|We know that adverbs modify verbs, e.g., He ran quickly. (Quickly is the adverb.) When an adverb consists of more than one word, it is known as an adverbial phrase, e.g., He ran like the wind. If this phrase contains its own verb, it's called an adverbial clause, e.g., He ran like his life depended on it.|
Adverbial Clauses and PhrasesQuite often, an adverb in a sentence comprises several words. These types of adverbs are called adverbial phrases or adverbial clauses. Adverbial phrases and clauses (shaded below) can usually be categorised as one of the following:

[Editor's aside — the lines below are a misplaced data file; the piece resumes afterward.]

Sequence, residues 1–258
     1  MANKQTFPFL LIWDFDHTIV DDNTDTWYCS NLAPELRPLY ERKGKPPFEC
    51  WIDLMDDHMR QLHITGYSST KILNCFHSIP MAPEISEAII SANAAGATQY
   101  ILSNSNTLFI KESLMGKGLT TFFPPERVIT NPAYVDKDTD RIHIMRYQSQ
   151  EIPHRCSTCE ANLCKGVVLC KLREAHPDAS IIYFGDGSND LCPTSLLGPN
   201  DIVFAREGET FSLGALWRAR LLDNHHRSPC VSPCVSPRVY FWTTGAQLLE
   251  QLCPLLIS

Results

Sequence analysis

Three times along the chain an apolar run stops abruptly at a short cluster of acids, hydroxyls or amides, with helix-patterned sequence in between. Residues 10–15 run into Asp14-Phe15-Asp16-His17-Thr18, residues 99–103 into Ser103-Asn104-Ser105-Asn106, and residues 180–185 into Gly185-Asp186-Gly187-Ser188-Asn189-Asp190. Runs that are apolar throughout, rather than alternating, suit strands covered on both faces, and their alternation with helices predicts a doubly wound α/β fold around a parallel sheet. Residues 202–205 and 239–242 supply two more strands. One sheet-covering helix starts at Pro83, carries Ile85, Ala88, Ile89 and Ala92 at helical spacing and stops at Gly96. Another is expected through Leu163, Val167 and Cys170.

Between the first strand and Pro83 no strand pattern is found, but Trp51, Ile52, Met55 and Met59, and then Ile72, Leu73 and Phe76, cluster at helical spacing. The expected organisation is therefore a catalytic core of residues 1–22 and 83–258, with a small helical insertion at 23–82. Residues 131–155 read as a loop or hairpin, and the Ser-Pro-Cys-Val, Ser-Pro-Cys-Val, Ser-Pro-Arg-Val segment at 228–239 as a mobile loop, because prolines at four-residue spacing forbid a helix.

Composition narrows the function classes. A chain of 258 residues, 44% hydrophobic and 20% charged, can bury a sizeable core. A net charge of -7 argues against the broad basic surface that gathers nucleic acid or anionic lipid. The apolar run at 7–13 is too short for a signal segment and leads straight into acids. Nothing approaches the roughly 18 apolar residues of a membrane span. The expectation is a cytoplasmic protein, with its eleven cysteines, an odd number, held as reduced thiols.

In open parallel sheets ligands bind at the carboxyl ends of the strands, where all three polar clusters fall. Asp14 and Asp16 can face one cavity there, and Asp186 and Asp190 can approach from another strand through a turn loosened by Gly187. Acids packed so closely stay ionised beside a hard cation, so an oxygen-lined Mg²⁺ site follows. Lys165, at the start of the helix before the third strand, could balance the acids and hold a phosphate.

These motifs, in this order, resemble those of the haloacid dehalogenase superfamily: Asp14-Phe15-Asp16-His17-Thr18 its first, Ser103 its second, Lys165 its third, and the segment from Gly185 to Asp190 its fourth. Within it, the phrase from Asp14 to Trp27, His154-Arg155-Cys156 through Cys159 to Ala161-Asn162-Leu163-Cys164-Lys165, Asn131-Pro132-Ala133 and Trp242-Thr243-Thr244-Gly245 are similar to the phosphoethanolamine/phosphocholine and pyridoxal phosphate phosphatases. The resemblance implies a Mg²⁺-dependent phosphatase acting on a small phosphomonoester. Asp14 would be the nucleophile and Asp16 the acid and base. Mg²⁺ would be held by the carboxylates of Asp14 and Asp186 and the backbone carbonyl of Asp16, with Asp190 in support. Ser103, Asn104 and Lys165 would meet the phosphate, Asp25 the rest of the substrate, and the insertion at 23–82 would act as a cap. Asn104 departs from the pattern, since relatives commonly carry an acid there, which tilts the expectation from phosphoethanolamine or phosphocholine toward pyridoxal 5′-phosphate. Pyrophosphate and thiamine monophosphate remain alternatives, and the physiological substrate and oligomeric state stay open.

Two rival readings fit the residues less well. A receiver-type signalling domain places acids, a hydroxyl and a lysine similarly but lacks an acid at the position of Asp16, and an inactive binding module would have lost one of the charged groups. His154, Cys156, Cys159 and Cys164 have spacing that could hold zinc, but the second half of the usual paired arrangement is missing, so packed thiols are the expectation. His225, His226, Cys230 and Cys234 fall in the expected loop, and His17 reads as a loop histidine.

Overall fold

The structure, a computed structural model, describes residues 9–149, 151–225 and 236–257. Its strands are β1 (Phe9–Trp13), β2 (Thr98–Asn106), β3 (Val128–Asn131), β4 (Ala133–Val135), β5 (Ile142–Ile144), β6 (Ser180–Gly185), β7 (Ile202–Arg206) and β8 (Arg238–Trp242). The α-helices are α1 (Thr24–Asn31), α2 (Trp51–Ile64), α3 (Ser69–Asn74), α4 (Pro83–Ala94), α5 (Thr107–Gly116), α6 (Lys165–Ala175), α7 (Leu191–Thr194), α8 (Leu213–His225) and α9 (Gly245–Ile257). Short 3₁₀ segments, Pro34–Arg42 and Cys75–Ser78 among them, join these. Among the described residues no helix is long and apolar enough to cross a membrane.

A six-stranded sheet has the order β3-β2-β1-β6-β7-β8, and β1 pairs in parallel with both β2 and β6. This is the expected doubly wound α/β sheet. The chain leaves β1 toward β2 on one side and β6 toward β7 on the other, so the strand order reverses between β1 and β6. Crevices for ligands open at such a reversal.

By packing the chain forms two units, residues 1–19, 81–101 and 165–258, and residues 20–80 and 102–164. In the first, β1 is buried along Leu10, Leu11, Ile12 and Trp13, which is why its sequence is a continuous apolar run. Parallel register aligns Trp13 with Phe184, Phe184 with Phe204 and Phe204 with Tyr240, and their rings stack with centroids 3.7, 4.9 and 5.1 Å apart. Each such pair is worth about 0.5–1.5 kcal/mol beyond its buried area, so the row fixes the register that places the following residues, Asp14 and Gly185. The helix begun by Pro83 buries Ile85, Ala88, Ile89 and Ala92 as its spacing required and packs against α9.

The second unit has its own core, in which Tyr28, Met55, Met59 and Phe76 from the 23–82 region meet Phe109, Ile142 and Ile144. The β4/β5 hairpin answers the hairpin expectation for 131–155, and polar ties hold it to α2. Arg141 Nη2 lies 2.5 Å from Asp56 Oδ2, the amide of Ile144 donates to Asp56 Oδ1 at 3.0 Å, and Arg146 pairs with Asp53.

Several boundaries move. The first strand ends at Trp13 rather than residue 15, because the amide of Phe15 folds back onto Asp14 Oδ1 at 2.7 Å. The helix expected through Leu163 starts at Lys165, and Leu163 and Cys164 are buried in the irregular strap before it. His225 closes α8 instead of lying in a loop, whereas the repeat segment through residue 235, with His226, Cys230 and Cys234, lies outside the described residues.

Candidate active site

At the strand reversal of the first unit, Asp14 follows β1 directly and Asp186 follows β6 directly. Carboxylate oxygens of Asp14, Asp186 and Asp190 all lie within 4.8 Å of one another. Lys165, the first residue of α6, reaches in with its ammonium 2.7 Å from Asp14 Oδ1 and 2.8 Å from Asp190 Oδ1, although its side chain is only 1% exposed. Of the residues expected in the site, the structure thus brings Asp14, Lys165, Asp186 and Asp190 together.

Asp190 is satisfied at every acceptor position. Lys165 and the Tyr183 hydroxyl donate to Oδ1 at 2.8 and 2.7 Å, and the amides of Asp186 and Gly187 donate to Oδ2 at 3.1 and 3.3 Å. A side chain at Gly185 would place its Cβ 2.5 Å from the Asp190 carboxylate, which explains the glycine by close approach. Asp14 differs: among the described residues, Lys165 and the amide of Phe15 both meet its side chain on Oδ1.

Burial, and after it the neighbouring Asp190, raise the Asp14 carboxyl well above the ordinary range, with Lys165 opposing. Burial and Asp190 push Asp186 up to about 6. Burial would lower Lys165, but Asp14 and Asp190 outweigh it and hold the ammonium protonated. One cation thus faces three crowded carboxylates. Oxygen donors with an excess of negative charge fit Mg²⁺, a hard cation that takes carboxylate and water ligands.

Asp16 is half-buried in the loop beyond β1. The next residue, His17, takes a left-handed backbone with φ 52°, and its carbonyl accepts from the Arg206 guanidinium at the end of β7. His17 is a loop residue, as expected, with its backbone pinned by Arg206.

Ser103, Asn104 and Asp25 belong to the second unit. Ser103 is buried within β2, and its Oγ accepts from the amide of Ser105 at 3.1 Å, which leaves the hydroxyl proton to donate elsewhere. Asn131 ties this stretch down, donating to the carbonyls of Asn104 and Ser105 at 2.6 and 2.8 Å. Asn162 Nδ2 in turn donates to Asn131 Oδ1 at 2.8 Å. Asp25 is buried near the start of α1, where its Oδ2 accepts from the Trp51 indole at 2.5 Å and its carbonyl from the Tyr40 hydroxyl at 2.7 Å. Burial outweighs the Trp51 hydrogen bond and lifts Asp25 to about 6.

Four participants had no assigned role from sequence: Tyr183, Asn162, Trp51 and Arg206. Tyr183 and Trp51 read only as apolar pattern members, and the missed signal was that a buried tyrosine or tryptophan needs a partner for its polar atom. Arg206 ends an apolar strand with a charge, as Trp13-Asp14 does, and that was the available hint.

Adverbs of Time
Adverbs of Place
Adverbs of Manner
Adverbs of Degree
Adverbs of Condition
Adverbs of Concession
Adverbs of Reason
USE A COMMA WHEN IT'S AT THE FRONT
There are very few problems associated with adverbial clauses and phrases. The main grammar point is whether to use a comma or not.
When an adverbial clause or phrase is at the front of a sentence, it is usual to use a comma.